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1st 9 wk Sci. ch. 2

Science 1st 9 wk ch. 2 (Haggard/7th gr)

Spontaneous Generation the mistaken idea that living things can arise from nonliving sources
Taxonomy the scientific study of how living things are classified
Heterotroph an organism that cannot make its own food, but obtains energy by feeding on others. Ex. animals eat mushrooms.
Autotroph an organism that makes its own food. Ex. Plants capture the sun's energy and use it to make their own food.
Prokaryote an organism whose cells lack a nucleus. Ex. bacteria, archaea
Eukaryote an organism that contains cells that have nuclei. Ex. protists, fungi, plants, and animals
Homeostasis mantaining stable internal conditions
Stimulus a change in an organism's surroundings that causes an organism to react
Response an action or change in behavior
Magnification the ability to make things look larger than they are
Resolution the sharpness of an image
Cell Membrane regulates what substances enter and leave the cell
Cell Wall stiff wall that surrounds the cell membrane, giving the cell a rigid box-like shape, and protects and supports the cell. Contained in plant cells only.
Mitochondria most of the cell's energy is produced within these rod-shaped organelles
Nucleus directs all of the cell's activities, including reproduction
Vacuole stores water, food, waste materials, and other materials
Golgi Bodies receive materials from the endoplasmic reticulum and send them to the other parts of the cell (also release materials outside the cell)
Ribosomes produce proteins (can attach to the endoplasmic reticulum, or ER or may float in the cytoplasm)
Lysosomes contain materilas that break down food particles and worn-out cell parts
Chloroplasts capture energy from sunlight and use it to produce food for the cell
Endoplasmic Reticulum anetwork of passageways that carries materials from one part of the cell to another
Cytoplasm a gel-like fluid in which many different organelles are found
Chromatin thin strands in the nucleus that contain genetic material, which is the instructions for directing the cell's functions. p.62
Nucleolus where ribosimes are made (in the nucleus) p.62
What is the source of energy for most autotrophs? the sun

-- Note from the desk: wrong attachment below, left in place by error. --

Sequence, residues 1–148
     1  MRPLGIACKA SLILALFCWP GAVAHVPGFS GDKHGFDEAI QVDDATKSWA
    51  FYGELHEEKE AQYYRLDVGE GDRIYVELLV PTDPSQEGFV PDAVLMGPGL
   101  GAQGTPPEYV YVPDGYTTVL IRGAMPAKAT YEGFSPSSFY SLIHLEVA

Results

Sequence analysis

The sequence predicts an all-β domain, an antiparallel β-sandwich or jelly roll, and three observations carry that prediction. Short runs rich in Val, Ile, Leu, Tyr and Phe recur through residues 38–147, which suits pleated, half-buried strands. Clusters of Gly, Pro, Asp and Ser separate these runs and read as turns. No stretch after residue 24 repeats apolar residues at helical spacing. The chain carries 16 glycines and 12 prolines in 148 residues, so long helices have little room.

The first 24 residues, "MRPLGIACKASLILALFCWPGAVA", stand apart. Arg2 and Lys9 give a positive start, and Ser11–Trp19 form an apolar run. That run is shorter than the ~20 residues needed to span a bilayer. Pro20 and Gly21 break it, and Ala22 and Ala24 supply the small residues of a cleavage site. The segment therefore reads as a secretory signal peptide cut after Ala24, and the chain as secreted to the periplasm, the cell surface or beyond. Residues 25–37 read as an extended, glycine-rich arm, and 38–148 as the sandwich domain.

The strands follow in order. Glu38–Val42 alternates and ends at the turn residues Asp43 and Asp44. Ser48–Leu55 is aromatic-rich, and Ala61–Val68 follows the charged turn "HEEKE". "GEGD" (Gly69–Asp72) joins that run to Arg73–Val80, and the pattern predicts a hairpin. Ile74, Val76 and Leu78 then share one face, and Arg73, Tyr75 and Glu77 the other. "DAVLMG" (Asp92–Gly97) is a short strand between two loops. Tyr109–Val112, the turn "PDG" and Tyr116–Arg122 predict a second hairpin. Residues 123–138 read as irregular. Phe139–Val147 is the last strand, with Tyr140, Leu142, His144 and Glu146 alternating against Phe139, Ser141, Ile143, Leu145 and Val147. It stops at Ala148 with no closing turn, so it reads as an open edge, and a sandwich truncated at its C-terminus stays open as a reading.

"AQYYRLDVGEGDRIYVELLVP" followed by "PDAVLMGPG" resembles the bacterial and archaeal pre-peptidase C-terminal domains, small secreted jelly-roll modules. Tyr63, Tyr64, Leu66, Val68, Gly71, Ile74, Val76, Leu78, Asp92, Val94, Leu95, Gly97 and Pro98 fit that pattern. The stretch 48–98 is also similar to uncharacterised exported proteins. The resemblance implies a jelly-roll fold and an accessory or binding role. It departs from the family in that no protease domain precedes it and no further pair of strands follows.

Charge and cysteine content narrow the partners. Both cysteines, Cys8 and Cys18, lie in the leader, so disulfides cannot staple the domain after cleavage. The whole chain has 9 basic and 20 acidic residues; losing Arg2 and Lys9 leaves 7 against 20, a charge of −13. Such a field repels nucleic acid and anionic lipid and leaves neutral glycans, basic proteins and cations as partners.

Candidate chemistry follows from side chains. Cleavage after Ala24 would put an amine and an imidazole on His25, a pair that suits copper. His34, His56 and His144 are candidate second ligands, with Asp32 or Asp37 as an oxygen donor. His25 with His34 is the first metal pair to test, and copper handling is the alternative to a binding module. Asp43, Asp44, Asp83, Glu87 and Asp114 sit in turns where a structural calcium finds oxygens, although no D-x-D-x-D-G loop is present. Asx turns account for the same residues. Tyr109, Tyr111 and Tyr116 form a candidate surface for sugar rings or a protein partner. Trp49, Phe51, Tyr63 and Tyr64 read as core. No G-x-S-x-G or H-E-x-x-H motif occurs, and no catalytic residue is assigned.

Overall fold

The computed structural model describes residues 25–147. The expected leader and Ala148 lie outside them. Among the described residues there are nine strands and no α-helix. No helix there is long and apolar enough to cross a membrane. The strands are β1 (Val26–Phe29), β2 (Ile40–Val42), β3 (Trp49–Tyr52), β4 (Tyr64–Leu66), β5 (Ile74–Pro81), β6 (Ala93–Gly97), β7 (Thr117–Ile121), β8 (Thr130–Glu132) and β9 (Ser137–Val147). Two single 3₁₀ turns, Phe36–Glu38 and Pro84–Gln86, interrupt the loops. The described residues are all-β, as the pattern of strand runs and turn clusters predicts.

Which domains include only prokaryotes? Bacteria and Archaea
Which domain includes eukaryotes? Eukarya
What three characteristics are used to place organisms into domains and kingdoms? 1. cell type 2. ability to make food 3. number of cells in their bodies
Why do scientists classify living things? It makes it easier to study organisms.
What did the experiments of Redi and Pasteur demonstrate? Living things do not arise from nonliving material.
List six characteristics that all living things share. p.34 1.) cellular organization 2.)contain similar chemicals 3.) use energy 4.) resppond to their surroundings 5.) grow and develop 6.) reproduce
Why was the invention of the microscope important? It made it possible for people to discover and learn about cells.
What are two parts of a scientific name? Give an example showing each part. Genus + Species, like "Felis Domesticus" -- A species is group of similar organisms that mate and produce offspring tht can mate and reproduce.
What are cells like in many-celled organisms? p.67 In many-celled organisms, the cells are often quite different from each other and are specialized to perform specific functions.
How does a bacterial cell differ from a plant or animal cell? BACTERIAL CELL - no nucleus (prokaryote) and has a cell wall ANIMAL CELL - has nucleus (eukaryote) but no cell wall PLANT CELL - has a nucleus (eukaryote) and has a cell wall
List the three parts of the cell theory. p.54 1.) All living things are composed of cells 2.) Cells are the basic units of structure and function in living things 3.) All cells are produced from other cells
The more classification levels that two organisms share, means they have MORE or LESS characteristics in common? (Be able to interpret a classification table like we looked at in class.) More
What is the difference between growth and development? Growth is the process of becoming larger, and development is the process of change that occurs during an organism's life to produce a more complex organism.
List some examples of organisms that belong to the fungi kingdom. Mushrooms, mold, and mildew
What are the three domains of life? Tell if each domain consists of prokaryotes or eukaryotes. 1.) Bacteria - prokaryotes 2.) Archaea - prokaryotes 3.) Eukarya - eukaryotes
How are plant cells different from animal cells? Plant cells have chloroplasts and a cell wall.
Who developed a naming system that grouped organisms on the basis of observable features? Carolus Linnaeus
What did Robert Hooke see when he observed the structure of a thin slice of cork? He saw empty spaces in the cork that looked like tiny rectangular rooms.
What did Robert Hooke call the "empty spaces" he saw in the thin slice of cork? "Cells." The word "cells" means "small rooms."
What is the name of the only kingdom of eukaryotes that contains both autotrophs and heterotrophs and both unicellular and multicellular organisms? Protists
List the eight levels of classification in order from the highest level to the lowest. Domain, Kingdom, Phylum, Class, Order, Family, Genus, Species. Remember, "Did King Phillip Clean Our Floor, Garage, + Sink?"
Explain how you can tell the difference between a plant, animal, and bacterial cell. Bacterial Cell - prokaryote (no nucleus) and has a cell wall Plant cell - eukaryote (has nucleus) and has a cell wall Animal cell - eukaryote (has nucleus) and does NOT have a cell wall.
Created by: hudsonl